2)Robin Hood and the King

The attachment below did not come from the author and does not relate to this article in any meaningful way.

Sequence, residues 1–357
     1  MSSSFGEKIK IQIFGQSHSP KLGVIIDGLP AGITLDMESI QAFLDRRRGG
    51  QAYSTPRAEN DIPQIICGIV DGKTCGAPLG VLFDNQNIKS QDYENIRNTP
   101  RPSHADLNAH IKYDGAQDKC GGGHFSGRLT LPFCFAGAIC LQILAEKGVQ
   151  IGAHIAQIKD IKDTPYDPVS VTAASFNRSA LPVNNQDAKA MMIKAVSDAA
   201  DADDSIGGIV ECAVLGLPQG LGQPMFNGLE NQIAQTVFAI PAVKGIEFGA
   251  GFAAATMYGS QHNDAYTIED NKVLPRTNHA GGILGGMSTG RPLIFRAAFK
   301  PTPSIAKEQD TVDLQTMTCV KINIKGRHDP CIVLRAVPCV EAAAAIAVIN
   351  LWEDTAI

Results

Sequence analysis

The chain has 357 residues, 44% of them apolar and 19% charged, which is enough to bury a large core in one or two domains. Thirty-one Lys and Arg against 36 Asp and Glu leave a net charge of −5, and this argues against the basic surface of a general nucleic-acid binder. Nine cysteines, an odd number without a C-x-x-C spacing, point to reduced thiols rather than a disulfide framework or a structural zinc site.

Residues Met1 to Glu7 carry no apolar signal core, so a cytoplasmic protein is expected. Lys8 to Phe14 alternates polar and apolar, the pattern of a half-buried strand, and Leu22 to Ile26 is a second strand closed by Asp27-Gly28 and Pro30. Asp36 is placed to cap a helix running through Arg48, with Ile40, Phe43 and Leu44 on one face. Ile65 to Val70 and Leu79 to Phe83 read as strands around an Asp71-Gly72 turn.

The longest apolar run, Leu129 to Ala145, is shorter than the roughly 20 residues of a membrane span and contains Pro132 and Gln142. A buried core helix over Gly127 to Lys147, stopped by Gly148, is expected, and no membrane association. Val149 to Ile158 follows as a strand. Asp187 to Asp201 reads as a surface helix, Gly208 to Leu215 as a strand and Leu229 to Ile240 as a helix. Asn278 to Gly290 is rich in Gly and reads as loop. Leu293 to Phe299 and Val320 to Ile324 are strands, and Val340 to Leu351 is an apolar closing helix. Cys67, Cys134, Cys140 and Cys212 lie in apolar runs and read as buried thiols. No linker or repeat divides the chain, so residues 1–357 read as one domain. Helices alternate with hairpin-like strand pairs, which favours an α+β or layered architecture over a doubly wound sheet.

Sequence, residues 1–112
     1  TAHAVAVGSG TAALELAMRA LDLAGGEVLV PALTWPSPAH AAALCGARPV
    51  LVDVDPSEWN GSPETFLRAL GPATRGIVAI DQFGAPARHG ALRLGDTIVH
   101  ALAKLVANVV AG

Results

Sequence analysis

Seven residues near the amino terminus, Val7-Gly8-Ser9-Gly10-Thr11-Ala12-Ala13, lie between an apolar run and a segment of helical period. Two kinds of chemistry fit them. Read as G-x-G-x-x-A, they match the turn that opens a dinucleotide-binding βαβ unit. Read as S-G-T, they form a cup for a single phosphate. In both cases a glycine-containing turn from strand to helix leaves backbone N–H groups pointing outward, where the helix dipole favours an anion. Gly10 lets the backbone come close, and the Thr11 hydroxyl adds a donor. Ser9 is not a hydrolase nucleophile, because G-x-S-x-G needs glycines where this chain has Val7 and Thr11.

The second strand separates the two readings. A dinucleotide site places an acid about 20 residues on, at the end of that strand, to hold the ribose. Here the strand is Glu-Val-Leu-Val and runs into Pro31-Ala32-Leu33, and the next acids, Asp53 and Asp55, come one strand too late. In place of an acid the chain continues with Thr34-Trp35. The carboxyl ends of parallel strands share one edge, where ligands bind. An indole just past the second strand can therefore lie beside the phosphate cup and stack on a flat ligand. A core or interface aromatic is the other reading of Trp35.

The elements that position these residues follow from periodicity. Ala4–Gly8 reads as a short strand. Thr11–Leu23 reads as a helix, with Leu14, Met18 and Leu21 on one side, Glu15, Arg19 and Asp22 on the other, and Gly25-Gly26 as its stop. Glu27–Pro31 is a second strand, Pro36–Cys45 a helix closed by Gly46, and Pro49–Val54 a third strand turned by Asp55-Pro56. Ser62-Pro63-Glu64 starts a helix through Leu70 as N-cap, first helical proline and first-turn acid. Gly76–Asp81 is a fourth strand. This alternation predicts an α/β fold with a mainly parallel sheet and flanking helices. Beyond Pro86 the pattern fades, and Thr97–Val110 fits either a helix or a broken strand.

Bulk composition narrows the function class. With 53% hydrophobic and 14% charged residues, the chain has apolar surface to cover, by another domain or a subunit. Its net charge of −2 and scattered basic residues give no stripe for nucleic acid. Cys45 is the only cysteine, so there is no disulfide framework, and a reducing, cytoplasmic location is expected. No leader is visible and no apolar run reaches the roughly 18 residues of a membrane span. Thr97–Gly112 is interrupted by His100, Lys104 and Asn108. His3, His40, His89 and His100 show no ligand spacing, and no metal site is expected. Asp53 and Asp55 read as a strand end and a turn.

wrestling, the king revealed his identity and pardoned the outlaws. This is far more in character with Edward 11 than it is with his father, who would have had no time for such nonsense, or his son, Edward 111, who was also altogether more sensible than his father. There are, it is true, some difficulties with the time scale. The visit to Nottingham took place in November, on the way back from the north, and Robin is reported as having remained at court for twelve months and three--fifteen months. The Robin Hood whose name Hunter, the Victorian antiquarian , found in the court rolls of Edward 11, was described as a valet de chambre, a sort of glorified manservant. He was paid off in November 1324, which adds up to just twelve months, but obviously Robin could have stayed on at court longer in some other capacity. Also, inconveniently, Professor JC Holt, author of Robin Hood (1984) found a Robin Hood listed in April to July 1323, before the king’s visit to Nottingham and Sherwood . Nevertheless, there is a great deal more to go on here than in any other Robin Hood theories put forward so far . With what has been discovered , we have our Robin Hood of Wakefield possibly at the court of King Edward 11 through-out most of 1324. We have seen that Edward was undoubtedly "gay" as it is called these days, and that in 1324 he was behaving very badly with the Despensers, pillaging the land and terrorising the population and more than likely sharing his bed with Hugh the Younger. We also know that he had a taste for the lower elements of the population, which had probably begun as a simple enjoyment of the Great Outdoors but by 1322 he is recorded as entertaining the likes of Wat Cowherd and other roughnecks , and paying them for their company! Could it be that, perish the though, the king was casting a roving eye in Robin’s direction? Was Robin both afraid for his life from the jealous Hugh, and afraid too, for his honour! Was this the reason he asked the king if he could go back north on a pilgrimage to the church of St Mary Magdalene, and that once away from court, he refused to return to London? Or did he know, or suspect, that terrible events were just round the corner ? Whatever the cause of his defection, it must have incurred Edward’s wrath so much that Robin was re-outlawed as a result, as the Geste makes quite clear :